Many who pose this concern cite studies like this one which claim that marijuana reduces grey matter in the brain and reduces average IQ, as well. The research also notes that cognitive performance does not seem to improve even after marijuana cessation, which is especially true of heavy users.
There are details from these studies that are often overlooked, however. For example, much of the research fails to account for substances like alcohol, tobacco or other medications which have also been shown to reduce grey matter and IQ. Furthermore, research suggests that people prone to addiction have an abnormal brain structure, suggesting that it may be the predisposition to abuse cannabis – rather than cannabis itself – that is responsible abnormalities in the brain.
So if marijuana use isn’t making the earth’s population more stupid, then what is? Today, we’ll compare two popular activities — marijuana consumption and multitasking with technology – to decide what the real culprit is.
Marijuana is notorious for messing with memory. When THC binds with receptors in the hippocampus (the part of the brain responsible for memory formation), details can become difficult to retain. That’s because THC essentially hijacks the hippocampus and takes over its functions tossing many would-be memories to the side to make room for others. That’s why it’s so easy to lose your train of thought or forget what just happened in the movie; marijuana decided the detail is unimportant and threw it away before it could be stored as a memory.
Interestingly, multi-tasking seems to exhibit the same tendencies as marijuana consumption – forgetfulness, disorganized thoughts, problems transitioning between tasks, a drop in IQ – and chronic multitaskers show reduced grey matter in the brain, as well. And, just like cannabis (or any other enjoyable activity, for that matter) multitasking can become addictive. Over time, multi-tasking can take a toll on productivity, stress levels and even interpersonal relationships.
According to the American Psychological Association, frequently switching between tasks throughout the day can cost a person as much as 40 percent of their productive time because of the time it takes for the brain to switch between tasks. The more we try to complete at once, or the more we switch between tasks, the more time is lost and the more stressed we feel. Hence the need to put in long hours at work or stay connected to our smart devices; because work never seems to be done.
Chronic multitaskers also have difficulty tuning out unimportant stimuli (Facebook notifications or a barking dog, for example) which further hinders their ability to be productive and can challenge creativity, as well.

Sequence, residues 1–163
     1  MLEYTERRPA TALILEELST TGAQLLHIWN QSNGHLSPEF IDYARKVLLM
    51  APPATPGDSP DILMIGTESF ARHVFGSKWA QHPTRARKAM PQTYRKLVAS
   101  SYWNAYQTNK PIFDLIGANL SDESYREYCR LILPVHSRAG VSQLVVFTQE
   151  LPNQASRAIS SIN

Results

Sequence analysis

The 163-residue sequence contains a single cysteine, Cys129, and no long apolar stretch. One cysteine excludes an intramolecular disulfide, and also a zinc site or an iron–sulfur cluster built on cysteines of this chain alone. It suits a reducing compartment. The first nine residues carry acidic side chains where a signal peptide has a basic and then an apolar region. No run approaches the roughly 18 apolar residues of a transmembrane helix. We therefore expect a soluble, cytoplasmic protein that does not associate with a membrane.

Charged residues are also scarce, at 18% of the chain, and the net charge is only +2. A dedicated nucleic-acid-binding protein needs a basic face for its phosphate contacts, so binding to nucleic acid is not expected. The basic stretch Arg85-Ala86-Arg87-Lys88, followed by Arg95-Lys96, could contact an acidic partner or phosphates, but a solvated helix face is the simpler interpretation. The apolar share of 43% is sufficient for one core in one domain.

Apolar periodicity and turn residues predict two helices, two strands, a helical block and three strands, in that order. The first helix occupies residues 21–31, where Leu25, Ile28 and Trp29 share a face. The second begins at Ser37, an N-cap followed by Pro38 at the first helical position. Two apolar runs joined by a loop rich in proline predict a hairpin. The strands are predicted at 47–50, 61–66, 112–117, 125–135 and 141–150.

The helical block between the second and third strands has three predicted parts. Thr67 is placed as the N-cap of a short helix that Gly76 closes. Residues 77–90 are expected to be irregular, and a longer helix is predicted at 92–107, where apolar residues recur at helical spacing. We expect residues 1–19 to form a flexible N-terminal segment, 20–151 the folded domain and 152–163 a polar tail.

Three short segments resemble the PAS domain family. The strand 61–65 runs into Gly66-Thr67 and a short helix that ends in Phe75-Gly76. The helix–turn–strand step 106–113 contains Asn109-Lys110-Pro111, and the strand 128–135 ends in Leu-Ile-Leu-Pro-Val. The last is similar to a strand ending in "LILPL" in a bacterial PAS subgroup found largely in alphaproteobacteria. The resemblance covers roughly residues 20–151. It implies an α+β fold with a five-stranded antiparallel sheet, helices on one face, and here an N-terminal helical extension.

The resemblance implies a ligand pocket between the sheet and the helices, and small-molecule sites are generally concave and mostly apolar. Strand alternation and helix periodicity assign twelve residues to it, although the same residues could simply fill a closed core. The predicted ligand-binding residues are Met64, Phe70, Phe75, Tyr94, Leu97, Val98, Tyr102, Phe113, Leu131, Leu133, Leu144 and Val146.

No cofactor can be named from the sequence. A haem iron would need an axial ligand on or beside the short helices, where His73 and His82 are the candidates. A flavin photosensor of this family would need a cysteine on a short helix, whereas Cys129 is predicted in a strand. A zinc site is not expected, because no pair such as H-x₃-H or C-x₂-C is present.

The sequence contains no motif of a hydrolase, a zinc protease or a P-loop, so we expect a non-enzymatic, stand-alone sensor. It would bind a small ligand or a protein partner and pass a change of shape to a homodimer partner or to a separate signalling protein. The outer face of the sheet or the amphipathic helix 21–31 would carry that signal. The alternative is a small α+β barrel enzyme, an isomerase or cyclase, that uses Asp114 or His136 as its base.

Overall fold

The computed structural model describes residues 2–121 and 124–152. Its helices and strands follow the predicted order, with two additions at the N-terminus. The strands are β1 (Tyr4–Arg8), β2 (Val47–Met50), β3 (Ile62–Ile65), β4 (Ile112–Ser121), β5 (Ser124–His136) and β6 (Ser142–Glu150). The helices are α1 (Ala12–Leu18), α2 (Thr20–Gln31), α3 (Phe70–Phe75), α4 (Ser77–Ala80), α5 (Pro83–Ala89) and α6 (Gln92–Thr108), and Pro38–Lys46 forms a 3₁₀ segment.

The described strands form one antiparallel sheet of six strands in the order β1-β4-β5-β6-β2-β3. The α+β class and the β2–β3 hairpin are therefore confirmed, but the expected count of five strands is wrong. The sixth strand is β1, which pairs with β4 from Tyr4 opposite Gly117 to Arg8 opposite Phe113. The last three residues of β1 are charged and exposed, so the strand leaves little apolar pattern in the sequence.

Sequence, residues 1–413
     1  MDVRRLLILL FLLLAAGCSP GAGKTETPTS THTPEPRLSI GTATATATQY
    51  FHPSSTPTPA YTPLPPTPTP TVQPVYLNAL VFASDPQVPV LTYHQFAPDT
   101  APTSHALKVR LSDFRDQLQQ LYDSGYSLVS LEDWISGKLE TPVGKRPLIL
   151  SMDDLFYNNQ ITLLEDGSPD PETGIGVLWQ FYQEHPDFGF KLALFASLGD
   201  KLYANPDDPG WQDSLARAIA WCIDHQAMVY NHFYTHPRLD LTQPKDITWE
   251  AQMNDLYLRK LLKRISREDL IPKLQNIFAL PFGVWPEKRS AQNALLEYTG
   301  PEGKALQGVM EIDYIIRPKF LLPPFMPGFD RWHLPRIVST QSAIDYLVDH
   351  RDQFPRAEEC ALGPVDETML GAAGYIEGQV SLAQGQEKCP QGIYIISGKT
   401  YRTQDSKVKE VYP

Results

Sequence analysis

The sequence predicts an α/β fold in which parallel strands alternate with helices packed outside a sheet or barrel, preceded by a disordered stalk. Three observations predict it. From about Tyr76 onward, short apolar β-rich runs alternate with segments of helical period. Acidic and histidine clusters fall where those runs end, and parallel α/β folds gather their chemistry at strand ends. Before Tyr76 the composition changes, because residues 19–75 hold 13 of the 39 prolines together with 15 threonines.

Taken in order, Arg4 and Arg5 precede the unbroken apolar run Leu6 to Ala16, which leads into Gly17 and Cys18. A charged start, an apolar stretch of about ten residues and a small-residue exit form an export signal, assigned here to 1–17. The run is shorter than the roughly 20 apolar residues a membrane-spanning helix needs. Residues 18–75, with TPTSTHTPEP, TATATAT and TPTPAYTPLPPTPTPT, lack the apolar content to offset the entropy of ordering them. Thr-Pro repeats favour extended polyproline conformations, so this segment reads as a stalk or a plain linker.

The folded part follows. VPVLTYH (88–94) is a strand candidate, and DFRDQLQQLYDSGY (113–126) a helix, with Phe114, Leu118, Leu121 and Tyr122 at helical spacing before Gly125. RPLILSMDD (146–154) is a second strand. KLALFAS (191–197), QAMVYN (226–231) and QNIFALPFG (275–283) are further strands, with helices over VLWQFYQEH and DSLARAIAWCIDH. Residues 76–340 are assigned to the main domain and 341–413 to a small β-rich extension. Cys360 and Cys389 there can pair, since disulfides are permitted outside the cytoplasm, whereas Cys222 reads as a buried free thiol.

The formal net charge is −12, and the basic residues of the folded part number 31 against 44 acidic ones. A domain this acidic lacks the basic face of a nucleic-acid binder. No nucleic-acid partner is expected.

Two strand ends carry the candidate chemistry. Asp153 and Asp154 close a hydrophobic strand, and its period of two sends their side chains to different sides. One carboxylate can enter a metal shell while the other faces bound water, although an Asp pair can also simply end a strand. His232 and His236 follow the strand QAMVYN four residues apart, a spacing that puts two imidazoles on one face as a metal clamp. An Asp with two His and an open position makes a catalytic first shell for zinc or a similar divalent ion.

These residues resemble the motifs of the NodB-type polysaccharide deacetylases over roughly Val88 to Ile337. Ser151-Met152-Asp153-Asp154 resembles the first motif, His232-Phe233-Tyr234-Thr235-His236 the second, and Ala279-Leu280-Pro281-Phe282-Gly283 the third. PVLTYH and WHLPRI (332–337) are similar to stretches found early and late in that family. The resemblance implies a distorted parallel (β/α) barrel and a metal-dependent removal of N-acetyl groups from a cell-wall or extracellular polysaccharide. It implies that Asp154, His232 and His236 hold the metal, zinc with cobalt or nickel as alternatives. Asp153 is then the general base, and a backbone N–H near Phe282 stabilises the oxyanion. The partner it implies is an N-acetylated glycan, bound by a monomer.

Neither marijuana consumption nor multitasking is conducive to memory retention, but one does trump the other in terms of creative thinking: cannabis. According to Psychology Today, creativity and innovation are among the top characteristics employers look for in potential employees. That’s because creative thinking allows employees to solve problems, develop new strategies and consider multiple viewpoints.
Creative thinking often involves what is termed “divergent thinking” (the ability to draw unique conclusions) and “hyper priming” (the ability to connect seemingly unrelated concepts). Marijuana has been shown to promote both divergent thinking and hyper priming by taming an internal critic of sorts. Marijuana’s influence on creativity has been well-documented. In fact, many of history’s most influential artists and creative thinkers have credited cannabis for their work.
Multitasking: not so much. In fact, the more frequently connected a person is with information, the fewer chances he or she will have to develop creative ideas or “aha” moments. That’s because creative ideas typically come out of nowhere when the mind is free from distractions – on a morning jog, in the shower or just before falling asleep, for example. If all of a person’s free time is spent searching the web or checking Facebook, fewer opportunities for divergent thinking will arise. Hence, multitasking can hinder the creative thinking process.
Being stoned is not ideal for study dates or an afternoon at the office (unless you work with weed, that is), but then again, neither is multitasking with technology. Fortunately, marijuana’s ill-effects on working memory are short-lived and may even improve creative thinking skills. The same cannot necessarily be said for the chronic multitasker who must learn to block out external stimuli just to get something accomplished.